Thanks Mike for your thoughtful summation. It really is true that either could do the job. The mobility, weight factor, is a concern. When I am allowed to be up close to the touch line and goal line, I will occasionally get up and move about trying to get a nice angle on the action. So, a heavy lens would not be good. Reminds me of one game where the apparently professional guy hired by the very pricey prep school on the other side, who was using a monster lens from one location, saw me admiring his lens and admitted to me that what I had was more practical. On the other hand, I would like to take pictures with that nice "pop" focus effect using a very low fs, but that I believe is best done close to the action for those games where I am allowed in that area. Thus, I'd want to have two cameras set up. So, maybe I'll get the K70 and the lens (sooner or later). I'd put my DA HD 55-300 on the K70 and put the Tamron 70-200 f2.8 on the Kr. Since the reason then for getting the f2.8 is more artistic, I am switching my thinking to buying the K70 first.

Last edited by Rexlawyer; 08-08-2019 at 01:43 PM.
08-08-2019, 08:16 PM   #37
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QuoteOriginally posted by Rexlawyer Quote
I would like to take pictures with that nice "pop" focus effect using a very low fs, but that I believe is best done close to the action for those games where I am allowed in that area. Thus, I'd want to have two cameras set
In this case, once you figure the FL you will actually require for the circumstances, you might possibly instead wind up adding a shorter f/2.8 zoom lens, such as the Sigma 17-50mm EX DC, which can be had new for well under $400 US.

While a low DOF is great for singling out an action of one individual, separating that action from the background, it is sort of like an action portrait effect. It would be good as a magazine cover shot featuring a special athlete, or making an outstanding winning catch, or a knockout punch, etc. Dramatic, but at the same time, such a shot will often not be that meaningful, and most often the isolation will lose the drama of the game itself. Having some recognizable context but emphasizing a certain individual may very well be the more effective shot.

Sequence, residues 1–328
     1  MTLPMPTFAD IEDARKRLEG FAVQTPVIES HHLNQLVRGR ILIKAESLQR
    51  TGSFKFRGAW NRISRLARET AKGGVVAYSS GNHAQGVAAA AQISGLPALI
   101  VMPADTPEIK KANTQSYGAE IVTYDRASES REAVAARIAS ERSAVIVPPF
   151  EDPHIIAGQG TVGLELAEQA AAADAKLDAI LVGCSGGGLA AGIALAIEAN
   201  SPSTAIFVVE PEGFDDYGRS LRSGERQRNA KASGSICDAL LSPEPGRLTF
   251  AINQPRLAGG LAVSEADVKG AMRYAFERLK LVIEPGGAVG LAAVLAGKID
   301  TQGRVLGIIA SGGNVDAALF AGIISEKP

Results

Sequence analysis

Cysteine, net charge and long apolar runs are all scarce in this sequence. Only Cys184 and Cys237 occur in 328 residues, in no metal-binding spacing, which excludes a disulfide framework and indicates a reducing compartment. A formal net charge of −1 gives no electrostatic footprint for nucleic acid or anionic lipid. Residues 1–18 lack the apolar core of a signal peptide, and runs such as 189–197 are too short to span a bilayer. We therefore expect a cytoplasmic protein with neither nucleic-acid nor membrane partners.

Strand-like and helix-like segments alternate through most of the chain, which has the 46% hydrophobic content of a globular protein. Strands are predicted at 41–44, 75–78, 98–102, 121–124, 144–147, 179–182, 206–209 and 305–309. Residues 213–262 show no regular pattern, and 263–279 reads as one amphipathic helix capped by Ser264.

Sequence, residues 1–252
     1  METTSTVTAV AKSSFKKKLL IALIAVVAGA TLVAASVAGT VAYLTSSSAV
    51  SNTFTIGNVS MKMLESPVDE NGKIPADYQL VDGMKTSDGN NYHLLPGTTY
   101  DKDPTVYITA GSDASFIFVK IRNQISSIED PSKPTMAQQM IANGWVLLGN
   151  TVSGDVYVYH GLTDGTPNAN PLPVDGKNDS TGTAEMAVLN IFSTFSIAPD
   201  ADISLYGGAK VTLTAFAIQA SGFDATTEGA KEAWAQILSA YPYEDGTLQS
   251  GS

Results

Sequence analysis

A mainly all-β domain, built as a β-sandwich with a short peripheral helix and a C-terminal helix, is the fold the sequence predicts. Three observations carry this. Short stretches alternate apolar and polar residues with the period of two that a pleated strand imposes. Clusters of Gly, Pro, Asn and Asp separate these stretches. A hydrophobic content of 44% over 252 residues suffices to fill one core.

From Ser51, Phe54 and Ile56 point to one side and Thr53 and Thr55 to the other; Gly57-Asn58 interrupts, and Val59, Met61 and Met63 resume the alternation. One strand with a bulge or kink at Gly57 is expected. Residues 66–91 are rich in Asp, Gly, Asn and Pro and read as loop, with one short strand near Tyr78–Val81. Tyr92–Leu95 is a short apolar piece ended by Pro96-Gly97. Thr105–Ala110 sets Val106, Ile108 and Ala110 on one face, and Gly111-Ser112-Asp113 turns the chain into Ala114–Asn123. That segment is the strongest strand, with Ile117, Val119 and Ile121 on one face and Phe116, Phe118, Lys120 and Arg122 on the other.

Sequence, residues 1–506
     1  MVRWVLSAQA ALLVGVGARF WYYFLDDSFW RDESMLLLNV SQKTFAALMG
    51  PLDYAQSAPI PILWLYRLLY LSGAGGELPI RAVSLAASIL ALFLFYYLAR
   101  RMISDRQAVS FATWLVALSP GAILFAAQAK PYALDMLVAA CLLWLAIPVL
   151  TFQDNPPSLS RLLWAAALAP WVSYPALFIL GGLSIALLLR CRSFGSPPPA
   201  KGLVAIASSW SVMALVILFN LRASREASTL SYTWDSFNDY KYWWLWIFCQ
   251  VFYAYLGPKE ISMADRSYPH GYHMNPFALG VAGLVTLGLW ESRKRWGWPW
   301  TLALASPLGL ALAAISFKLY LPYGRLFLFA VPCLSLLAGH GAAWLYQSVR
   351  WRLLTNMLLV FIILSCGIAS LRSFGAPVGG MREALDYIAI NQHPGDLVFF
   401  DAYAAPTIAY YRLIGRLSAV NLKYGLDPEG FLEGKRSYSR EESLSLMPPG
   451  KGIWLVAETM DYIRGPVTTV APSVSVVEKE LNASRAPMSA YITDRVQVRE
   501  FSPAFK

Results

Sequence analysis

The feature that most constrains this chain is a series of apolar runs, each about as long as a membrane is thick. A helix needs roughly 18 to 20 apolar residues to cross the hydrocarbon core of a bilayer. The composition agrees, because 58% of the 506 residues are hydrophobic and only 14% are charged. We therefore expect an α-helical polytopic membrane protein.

About 8 years ago, I did use my K-r together with my DA* 200mm f/2.8 to shoot a stage event at some distance. (Being a prime lens and not a zoom, it is of course optimized for 200mm, while a zoom usually begins to lose quality at the longest extreme FL) The stage lighting was strong enough so I did not need to shoot wide open- around f/4.5 I think, and ISO kept down to around 800, or so which is fine with the K-r. Results were quite fine. However, there was no faster action than normal walking, so it was easy to obtain adequate shutter speed for such an event. What you are dealing with, however, is literally a whole other ball game.

Last edited by mikesbike; 08-08-2019 at 08:26 PM.
08-08-2019, 08:47 PM   #38
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QuoteOriginally posted by mikesbike Quote
In this case, once you figure the FL you will actually require for the circumstances, you might possibly instead wind up adding a shorter f/2.8 zoom lens, such as the Sigma 17-50mm EX DC, which can be had new for well under $400 US.

While a low DOF is great for singling out an action of one individual, separating that action from the background, it is sort of like an action portrait effect. It would be good as a magazine cover shot featuring a special athlete, or making an outstanding winning catch, or a knockout punch, etc. Dramatic, but at the same time, such a shot will often not be that meaningful, and most often the isolation will lose the drama of the game itself. Having some recognizable context but emphasizing a certain individual may very well be the more effective shot.

About 8 years ago, I did use my K-r together with my DA* 200mm f/2.8 to shoot a stage event at some distance. (Being a prime lens and not a zoom, it is of course optimized for 200mm, while a zoom usually begins to lose quality at the longest extreme FL) The stage lighting was strong enough so I did not need to shoot wide open- around f/4.5 I think, and ISO kept down to around 800, or so which is fine with the K-r. Results were quite fine. However, there was no faster action than normal walking, so it was easy to obtain adequate shutter speed for such an event. What you are dealing with, however, is literally a whole other ball game.
I like your take about the difference of only super highlighting complete focus on 1 player versus only accenting focus on the key player with enough perception of players around for context. Makes lots of sense to me.

08-16-2019, 09:38 PM   #39
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My daughter's final year of college cross country I decided to upgrade lenses to capture the end of her sports career -- and it was like a light turned on for her (not for my photography) -- she had a great year after an average first three years.